Susan Sontag once famously commented that one could have learned much more about the Soviet Union from 1950 to 1970 from reading the Readers’ Digest than from reading The Nation. I think you might be able to say something similar, though not identical, about the grand jury decision not indicting Ferguson police officer Darren Wilson for killing suspect Michael Brown, namely that one could have had as much difficulty forming a fair and accurate opinion of the decision from watching Fox News as you would from watching MSNBC, which, at least when I was viewing it, devoted one interview after another to discrediting the prosecutors’ statement and the grand jury decision.
I certainly don’t think the St. Louis County prosecutor Robert McCulloch was blameless. Given his own past, he should have recused himself. And his statement announcing the decision was less than persuasive. But given that he didn’t recuse himself, I think he did the right thing in letting the grand jury decide whether or not to indict Wilson. If it were up to McCulloch, he probably would not have indicted Wilson. That would have created an even greater uproar and provided no grounds for easing concern that Wilson had murdered Brown without provocation, which his supporters were charging at “hands up for Michael Brown” rallies.
As law UC Davis professor Gabriel Chin explained to my colleague Jonathan Cohn, McCulloch sent the decision to the grand jury because he wanted it “to at least share responsibility for the decision.” McCulloch may have steered the grand jury toward its conclusion, but the prosecutor also agreed to release the transcripts and findings on which the jury made its decision. That was unprecedented, but justified in the circumstances. By doing so, he has allowed for endless second-guessing of (a.k.a. democratic public debate over) the grand jury’s decision.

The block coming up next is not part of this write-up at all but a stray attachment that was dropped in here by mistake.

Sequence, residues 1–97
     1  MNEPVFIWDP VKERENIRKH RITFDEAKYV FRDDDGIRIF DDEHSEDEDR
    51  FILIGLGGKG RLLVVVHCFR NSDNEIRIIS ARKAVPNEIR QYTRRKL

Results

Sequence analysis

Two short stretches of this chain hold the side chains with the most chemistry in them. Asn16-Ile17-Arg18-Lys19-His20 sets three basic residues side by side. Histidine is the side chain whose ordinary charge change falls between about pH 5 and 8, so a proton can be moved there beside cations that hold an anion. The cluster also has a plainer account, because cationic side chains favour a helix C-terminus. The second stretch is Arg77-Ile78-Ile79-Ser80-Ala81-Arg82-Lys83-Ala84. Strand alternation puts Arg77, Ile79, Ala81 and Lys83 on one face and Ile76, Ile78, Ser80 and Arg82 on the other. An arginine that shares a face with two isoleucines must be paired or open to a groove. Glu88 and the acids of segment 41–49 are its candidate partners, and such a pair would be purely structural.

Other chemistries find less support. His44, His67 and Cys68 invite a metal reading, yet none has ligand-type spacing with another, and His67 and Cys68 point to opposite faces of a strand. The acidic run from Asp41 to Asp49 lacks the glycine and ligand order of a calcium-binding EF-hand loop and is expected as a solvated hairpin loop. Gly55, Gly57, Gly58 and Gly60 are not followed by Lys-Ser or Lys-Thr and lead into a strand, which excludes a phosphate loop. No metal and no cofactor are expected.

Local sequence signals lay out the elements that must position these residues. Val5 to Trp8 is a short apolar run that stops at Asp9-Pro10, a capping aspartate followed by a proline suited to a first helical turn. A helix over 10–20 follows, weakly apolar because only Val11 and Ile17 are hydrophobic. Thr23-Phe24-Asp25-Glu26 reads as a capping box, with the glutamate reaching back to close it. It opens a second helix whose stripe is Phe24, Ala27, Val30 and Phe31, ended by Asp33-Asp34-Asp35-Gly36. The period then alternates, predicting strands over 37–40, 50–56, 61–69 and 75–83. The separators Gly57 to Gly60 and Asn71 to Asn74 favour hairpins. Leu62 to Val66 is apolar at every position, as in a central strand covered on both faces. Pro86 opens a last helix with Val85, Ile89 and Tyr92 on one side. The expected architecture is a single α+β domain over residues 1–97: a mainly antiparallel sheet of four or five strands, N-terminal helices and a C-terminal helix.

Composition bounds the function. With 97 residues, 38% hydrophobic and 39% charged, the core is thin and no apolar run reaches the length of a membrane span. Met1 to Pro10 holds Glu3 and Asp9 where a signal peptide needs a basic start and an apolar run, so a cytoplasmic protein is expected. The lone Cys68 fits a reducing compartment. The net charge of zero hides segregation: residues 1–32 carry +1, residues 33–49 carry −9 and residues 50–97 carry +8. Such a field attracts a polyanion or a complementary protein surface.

In McCulloch’s statement afterwards, he did make one telling point. While the grand jury and federal and local investigators received witness testimony that was contradictory (which is in line with what criminologists expect in these kind of cases), it received physical evidence from autopsy and DNA and hospital reports that wasn’t open to the same kind of questions. This evidence suggested that there were grounds for believing that Brown had scuffled with Wilson in the police car and had even grabbed the officer’s gun. That conformed roughly to Wilson’s own account of what had happened in the police car.
The physical evidence ruled out that Wilson had shot Brown in the back while running away, as Brown’s companion Dorian Johnson initially had claimed. And it was not conclusive one way or the other on whether Brown had, after he turned around to face Wilson, tried to surrender. In all, the forensic evidence did not prove Wilson innocent of killing Brown when he was trying to surrender, but it also did not give the grand Jury “probable cause” to indict him on that basis. Other evidence may surface, but from what the grand jury learned, I think it did the right thing, and that it’s also unlikely—given this evidence—that the federal government, which must meet an even higher evidentiary standard, will choose to indict Wilson.
By suggesting that the grand jury did the right thing, I am not exonerating the Ferguson police department, or other police departments. Many police departments are more likely to arrest without good cause or shoot without sufficient provocation a young black male than anyone of another sex or race or ethnic group. If Wilson himself had been better trained, he would not have killed Brown. As Yishai Schwartz has argued, there are a host of reforms that need to be made to police departments as well as changes in the law. And it is worth holding demonstrations to demand these. But I am suggesting that liberals are wrong to characterize the grand jury decision as a “grave miscarriage of justice” or to demand, as Moveon.org has done, that the federal government “arrest and prosecute Officer Darren Wilson.” These kind of charges and petitions only serve to exacerbate racial tensions and to cloud the underlying issues.
What liberals and the left are doing can be characterized by the term “synecdoche,” a figure of speech in which a part is used to represent a whole. America is termed “Washington” or William Jennings Bryan as “the great commoner.” Liberals took the decision by the grand jury to symbolize, or stand in for, the greater injustice of the Ferguson and of the American criminal justice department. But in fact the reverse occurred. They projected the larger injustice of the system onto the grand jury’s ruling. In doing so, they suggested that in evaluating the grand jury’s decision, one should ignore the gray, and focus only on the black and white.